• In this edition, Paul writes about album covers picturing designer furniture

  • “Playing for Tips” is the winning entry in our 42nd Short Fiction Contest

     

  • A powerful poem on race

  • “Intergalactic Language,” a short story by James E. Guin, was a finalist in our recently concluded 42nd Short Fiction Contest.

  • Cover Stories with Paul Morris, Vol. 18
  • "Playing for Tips" -- a short story by Kevin Bennett
  • "Color Blind (For Real)" - a poem by Quincy Hull and Marc Livanos
  • "Intergalactic Language" - a short story by James Guin
paul g1 Interviews » Conversations with Gary Giddins

Gary Giddins on underrated saxophonists

Fans of the saxophone may enjoy reading a January, 2004 interview I did with critic Gary Giddins on underrated jazz musicians. (This was part of my 15 part series of interviews with him called “Conversations with Gary Giddins.”) In this snippet from the interview, Giddins talks about George Coleman, Booker Ervin, Paul Gonsalves, Charlie Rouse and others who he considered “underrated.”

[…] Continue reading »

eckstine1 Quiz Show » Jazz History Quiz

Jazz History Quiz #85

This saxophonist’s first important jobs were during the 1940’s with Lionel Hampton, Fletcher Henderson, Louis Armstrong’s big band, and Billy Eckstine’s Orchestra (pictured). Additionally, he was a Savoy Records recording artist as a leader before being an important part of the scene on Los Angeles’ Central Avenue. Who was he?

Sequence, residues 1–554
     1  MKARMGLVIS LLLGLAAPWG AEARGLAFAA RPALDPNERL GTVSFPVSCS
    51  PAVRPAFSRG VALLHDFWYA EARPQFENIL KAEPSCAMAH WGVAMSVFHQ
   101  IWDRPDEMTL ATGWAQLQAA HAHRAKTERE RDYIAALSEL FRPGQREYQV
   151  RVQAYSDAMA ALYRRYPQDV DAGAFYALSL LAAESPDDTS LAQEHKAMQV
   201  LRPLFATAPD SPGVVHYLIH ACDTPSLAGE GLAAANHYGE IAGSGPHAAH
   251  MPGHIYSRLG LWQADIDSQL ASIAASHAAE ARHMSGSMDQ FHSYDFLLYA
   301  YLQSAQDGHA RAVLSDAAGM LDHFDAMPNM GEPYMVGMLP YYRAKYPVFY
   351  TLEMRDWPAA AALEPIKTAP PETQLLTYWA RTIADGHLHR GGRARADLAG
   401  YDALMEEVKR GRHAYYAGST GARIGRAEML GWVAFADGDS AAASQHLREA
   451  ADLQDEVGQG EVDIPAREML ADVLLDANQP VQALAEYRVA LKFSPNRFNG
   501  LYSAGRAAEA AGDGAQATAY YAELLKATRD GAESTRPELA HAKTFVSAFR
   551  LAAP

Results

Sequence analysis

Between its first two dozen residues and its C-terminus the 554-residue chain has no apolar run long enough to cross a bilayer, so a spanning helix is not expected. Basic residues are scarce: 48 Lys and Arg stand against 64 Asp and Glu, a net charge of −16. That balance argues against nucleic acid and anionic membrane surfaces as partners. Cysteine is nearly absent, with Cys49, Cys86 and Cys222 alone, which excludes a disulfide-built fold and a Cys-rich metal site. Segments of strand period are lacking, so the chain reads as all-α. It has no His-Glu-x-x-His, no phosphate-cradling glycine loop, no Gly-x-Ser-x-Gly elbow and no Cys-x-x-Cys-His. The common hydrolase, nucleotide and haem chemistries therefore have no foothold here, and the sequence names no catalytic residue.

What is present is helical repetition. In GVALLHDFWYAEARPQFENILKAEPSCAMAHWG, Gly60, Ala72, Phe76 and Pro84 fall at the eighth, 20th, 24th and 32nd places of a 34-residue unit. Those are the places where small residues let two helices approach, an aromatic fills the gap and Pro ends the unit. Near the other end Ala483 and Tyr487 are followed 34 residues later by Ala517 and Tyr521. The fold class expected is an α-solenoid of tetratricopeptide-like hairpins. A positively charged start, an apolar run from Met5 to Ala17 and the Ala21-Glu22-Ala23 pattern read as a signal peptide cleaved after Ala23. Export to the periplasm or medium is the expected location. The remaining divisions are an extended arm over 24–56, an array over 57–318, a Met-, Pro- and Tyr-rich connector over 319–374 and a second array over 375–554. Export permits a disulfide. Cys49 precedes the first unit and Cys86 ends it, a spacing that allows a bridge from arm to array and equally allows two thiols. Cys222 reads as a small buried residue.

Stan Getz

Wardell Gray

Dexter Gordon

Bob Cooper

Gene Ammons

Sonny Stitt

Brew Moore

Go to the next page for the answer!

[…] Continue reading »

sissle1 Uncategorized

Reviving Shuffle Along

The revival of the landmark all-black Broadway musical “Shuffle Along” – originally produced in 1921 and opening at New York’s Music Box Theatre on April 28 – reminds us of the great Noble Sissle/Eubie Blake compositions (most famously “Love Will Find a Way” and “I’m Just Wild About Harry”), but also the challenges (and humiliation) performers, theater owners and audiences faced within a racist American society. “’Shuffle’ wasn’t exactly forward thinking on race,” John Jeremiah Sullivan writes in a recent New York Times feature titled “American Shuffle.” “It broke boundaries, no doubt, but mainly through its success, and by having great pop tunes. Otherwise, it was a blacks-in-blackface production.”

“An area in which the show genuinely pushed things forward,” Sullivan writes, “[was] romance.” This during a time when white America found black sexuality

[…] Continue reading »

cheadle1 Uncategorized

On Miles and Chet biopics — A New York Times podcast

In a just recorded podcast, two of this era’s most accomplished jazz writers — the New York Times’ Ben Ratliff and Nate Chinen — discuss the two first-run biopics now out on Miles Davis and Chet Baker, the ingenious trumpeters who each experienced great drama in their professional careers and personal lives, most obviously their chemical dependency and great personal charisma. You can hear the journalists discuss

[…] Continue reading »